soul

Adam: from God and like God. From the teaching of Rabbi Baruch Shalom Ashlag

Becoming Adam

by yedidah on March 27, 2016

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Rabbi Baruch Shalom Ashlag, in his teachings on the Parshat Shavua, Vayikra, wrote as follows:

The Scripture says, “And God called Moses and spoke to him from the Tent of Meeting saying, “Speak to the children of Israel and say to them, ‘Adam, when he offers from you a sacrifice to God; you shall offer your sacrifice from the domestic animals, from the cattle, or from the sheep.” (Leviticus 1:2)

Rabbi Ashlag places his attention on the word “Adam” and on the words ” from you”as follows: The name “Adam”, refers to one who bears the name of God, one who is like God. This is  from the inner meaning of the Scripture  אדמה לעליון,  “I will resemble the Most High.” So  the name Adam implies one who wants to be like God, that is to say, in affinity of form with the Creator. He wants to come it love and give unconditionally just as God gives to us unconditionally. Such a person, Adam, should bring the sacrifice to God,  from you, that is to say, from yourselves.

The Sages of the Talmud commented:

“You are called ‘Adam’, and one who worships idols is not called ‘Adam’.” (Masechet Yevamot 61 a)

We see that the Sages of the Talmud bring in two opposing elements: 1)The aspect of Adam who wants to be like the Creator  and 2)  the aspect of the idol worshipper, being one who gives governance to his or her selfish egoism. These  elements  are actually two opposite aspects within ourselves.

Both the aspect of Adam, who is in affinity of form with the Creator, and the aspect of the idol worshipper, which is the self-serving part of ourselves, are within us.  It is our soul that is in affinity of form with the Creator, from whom it comes through the framework of holiness, whereas our ego, which expresses itself through the will to receive for ourselves alone, is the representative of the idol worshipper within us. Which one will I adopt? To whom will I liken myself?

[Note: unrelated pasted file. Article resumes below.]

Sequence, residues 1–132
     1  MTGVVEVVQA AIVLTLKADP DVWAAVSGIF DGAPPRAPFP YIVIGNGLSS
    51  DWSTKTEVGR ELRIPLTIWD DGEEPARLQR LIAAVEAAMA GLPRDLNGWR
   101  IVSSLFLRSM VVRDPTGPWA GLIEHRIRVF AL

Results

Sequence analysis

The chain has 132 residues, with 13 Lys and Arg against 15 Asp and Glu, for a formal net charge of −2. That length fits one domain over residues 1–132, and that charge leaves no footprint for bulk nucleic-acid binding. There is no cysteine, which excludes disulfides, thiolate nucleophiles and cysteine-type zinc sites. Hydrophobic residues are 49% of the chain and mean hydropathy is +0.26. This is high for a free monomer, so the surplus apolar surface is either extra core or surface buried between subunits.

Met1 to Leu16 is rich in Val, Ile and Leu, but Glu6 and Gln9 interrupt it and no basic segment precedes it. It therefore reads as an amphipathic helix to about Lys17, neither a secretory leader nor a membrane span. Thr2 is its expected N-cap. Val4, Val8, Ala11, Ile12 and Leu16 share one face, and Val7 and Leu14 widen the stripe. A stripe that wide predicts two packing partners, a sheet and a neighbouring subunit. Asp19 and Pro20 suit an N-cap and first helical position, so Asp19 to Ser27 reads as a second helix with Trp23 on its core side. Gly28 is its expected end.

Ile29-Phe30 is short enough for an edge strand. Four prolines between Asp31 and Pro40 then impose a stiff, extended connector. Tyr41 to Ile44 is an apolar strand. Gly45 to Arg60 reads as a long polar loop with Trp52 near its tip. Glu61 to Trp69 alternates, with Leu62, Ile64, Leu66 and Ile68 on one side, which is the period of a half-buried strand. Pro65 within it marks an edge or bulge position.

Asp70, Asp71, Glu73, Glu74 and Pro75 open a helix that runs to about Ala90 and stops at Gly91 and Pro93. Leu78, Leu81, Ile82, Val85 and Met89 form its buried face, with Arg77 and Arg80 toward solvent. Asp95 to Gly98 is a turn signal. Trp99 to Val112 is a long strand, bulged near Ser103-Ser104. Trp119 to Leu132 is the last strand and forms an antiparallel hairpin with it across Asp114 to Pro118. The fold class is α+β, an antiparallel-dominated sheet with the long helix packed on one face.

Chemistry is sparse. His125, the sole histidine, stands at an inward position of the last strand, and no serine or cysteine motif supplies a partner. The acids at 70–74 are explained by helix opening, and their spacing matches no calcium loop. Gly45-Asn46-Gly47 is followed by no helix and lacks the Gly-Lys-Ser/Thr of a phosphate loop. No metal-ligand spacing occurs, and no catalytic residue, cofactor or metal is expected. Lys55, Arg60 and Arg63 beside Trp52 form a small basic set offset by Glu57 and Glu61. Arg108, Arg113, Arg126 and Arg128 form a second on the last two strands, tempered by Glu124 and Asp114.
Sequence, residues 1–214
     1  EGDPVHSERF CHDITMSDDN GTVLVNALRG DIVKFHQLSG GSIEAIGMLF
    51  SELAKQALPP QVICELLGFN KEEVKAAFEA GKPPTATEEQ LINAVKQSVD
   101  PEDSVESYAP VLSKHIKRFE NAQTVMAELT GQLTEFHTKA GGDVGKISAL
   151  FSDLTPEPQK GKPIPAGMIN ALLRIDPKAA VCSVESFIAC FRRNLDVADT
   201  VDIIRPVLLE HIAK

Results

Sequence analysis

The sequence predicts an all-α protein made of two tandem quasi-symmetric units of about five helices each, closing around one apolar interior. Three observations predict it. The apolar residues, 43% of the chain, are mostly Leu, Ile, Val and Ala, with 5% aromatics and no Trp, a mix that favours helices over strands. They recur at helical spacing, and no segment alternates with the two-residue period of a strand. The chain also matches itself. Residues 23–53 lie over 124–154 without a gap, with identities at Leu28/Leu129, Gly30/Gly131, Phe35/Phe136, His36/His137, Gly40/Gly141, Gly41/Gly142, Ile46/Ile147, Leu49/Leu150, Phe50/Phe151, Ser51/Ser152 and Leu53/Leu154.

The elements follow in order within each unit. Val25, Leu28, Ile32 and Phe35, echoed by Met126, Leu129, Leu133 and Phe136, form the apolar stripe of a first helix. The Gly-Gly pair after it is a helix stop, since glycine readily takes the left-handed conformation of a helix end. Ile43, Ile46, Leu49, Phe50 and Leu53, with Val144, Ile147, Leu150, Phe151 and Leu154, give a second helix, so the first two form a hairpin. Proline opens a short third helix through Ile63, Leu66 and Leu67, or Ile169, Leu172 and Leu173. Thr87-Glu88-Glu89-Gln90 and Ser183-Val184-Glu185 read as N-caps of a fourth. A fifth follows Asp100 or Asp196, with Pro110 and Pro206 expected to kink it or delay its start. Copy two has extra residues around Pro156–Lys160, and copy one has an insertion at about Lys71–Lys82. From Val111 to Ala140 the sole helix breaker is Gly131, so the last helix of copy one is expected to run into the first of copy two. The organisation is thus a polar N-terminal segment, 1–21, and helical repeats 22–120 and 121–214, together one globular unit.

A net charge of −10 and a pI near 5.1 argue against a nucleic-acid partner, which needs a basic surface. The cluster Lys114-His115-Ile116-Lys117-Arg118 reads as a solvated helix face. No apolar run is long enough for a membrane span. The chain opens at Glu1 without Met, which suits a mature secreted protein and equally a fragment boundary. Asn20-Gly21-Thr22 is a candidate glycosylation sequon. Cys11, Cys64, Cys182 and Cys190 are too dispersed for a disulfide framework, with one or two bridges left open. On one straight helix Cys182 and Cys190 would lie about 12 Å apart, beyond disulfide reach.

This Torah learning is dedicated to the ilui neshama of  Reb Moshe Ben Ese-Esther,  a direct descendant of Rabbi Akiva Eiger ztz’l  the grandfather of  my chevruta, Shmuel Iger Kinyan, who despite the dangers of being Jewish in communist Russia first taught Shmuel that he was Jewish.

Teachings taken from the Perush HaSulam on the first volume of the Zohar Pikudah Kadma’ah and also from Rabbi Baruch Shalom Ashlag’s Al HaTorah, Parshat Vayikra.

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Rosh Hashanah ; the festival of choice

by yedidah on September 13, 2015

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Rosh HaShanah, the new year is a day of choice; a day when we are given the possibility of choosing again. This is an amazing thought. For so many of us, the days go by and we seem to have drifted into habits of thought, feeling and even actions, which on closer examination we may not in fact espouse.
So what does this new choice consist of, and how do we choose?
As the Sages teach us, we are made up of body and soul. The body aspect of ourselves is actually the framework of the ego, called by Rabbi Ashlag, “the will to receive for oneself alone.” He calls it that, because this title actually describes its basic nature. The ego expresses itself through desires to benefit itself. These desires then beget needs, and needs beget thoughts and actions how to fulfill these needs. This framework of the ego can be so compelling that we even say of a person that  ” he or she is governed by his or her ego.”